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As the Zika virus scare spreads around the world after being reported in more than 20 countries, Facebook CEO Mark Zuckerberg has announced his company’s plan to help combat it.
The 31-year-old billionaire posted on his Facebook page Tuesday that the social networking website has partnered with nonprofit Abrasco Divulga in Brazil in "raising awareness" about the virus, an effort they plan to roll out across Latin America.
Included in the post is a video in Portuguese with English subtitles explaining the risks to pregnant women, along with precautions expectant mothers can take to prevent contracting the virus.
"The most important thing is to try to avoid mosquito bites," wrote Zuckerberg. "You can find more advice here: http://www.who.int/csr/disease/zika/."
In just one hour the post received 1,000 comments and more than 12,000 shares. "As a community, we can help fight the Zika virus by raising awareness," Zuckerberg wrote.
The virus is one of the biggest public health challenges right now, especially for pregnant women, as it's suspected of causing a severe birth defect called microcephaly, which causes underdevelopment of the head and brain. Mosquitoes spread the virus and unfortunately there are no medicines or vaccines to treat or prevent it. It has become a big enough concern that the Pentagon announced this week that it would allow pregnant family members of active-duty personnel and civilian Defense Department employees to be re-assigned if they are in areas affected by the Zika virus.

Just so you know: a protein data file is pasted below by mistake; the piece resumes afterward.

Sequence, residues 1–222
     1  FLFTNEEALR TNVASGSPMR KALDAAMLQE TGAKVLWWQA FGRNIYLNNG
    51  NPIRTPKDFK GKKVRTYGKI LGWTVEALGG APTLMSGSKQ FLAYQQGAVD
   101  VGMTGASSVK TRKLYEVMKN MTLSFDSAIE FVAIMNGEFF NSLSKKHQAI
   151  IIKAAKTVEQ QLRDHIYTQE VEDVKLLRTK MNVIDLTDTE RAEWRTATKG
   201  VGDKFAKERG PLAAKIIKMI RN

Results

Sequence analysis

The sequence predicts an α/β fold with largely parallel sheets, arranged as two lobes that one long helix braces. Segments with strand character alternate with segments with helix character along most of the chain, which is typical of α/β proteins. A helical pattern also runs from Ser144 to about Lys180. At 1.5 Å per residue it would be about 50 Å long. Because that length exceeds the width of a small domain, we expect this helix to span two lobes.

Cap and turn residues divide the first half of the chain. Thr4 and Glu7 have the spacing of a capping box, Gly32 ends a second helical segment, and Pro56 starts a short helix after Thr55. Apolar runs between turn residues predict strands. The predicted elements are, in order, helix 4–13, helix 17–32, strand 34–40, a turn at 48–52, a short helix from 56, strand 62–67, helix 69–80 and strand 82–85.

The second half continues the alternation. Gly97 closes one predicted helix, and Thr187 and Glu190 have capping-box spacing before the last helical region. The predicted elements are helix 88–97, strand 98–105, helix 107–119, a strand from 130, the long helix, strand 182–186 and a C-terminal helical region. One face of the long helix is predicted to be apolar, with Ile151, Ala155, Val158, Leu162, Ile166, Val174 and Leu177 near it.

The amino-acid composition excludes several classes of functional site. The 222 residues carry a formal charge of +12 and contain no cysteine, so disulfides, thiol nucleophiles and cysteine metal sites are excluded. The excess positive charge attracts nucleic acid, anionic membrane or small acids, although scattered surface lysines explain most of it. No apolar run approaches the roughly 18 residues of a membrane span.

This isn't the first time the outspoken CEO has taken up a major issue. Just last month he shared a photo at the doctor's office with his baby daughter, Max, saying she was getting her doctor-recommended vaccines. The hot-button issue of whether or not vaccines are safe and/or effective has been brewing over the past few years in the United States and even led to many parents' refusal to get them for their children.
Even before the birth of Max, Zuckerberg's first child with wife Priscilla Chan, the CEO said he was a supporter of doctor-recommended vaccines. Last February, for his 2015 book club, A Year Of Books, he chose the book "On Immunity" by Eula Biss as the club's fourth book, writing, "this book explores the reasons why some people question vaccines, and then logically explains why the doubts are unfounded and vaccines are in fact effective and safe."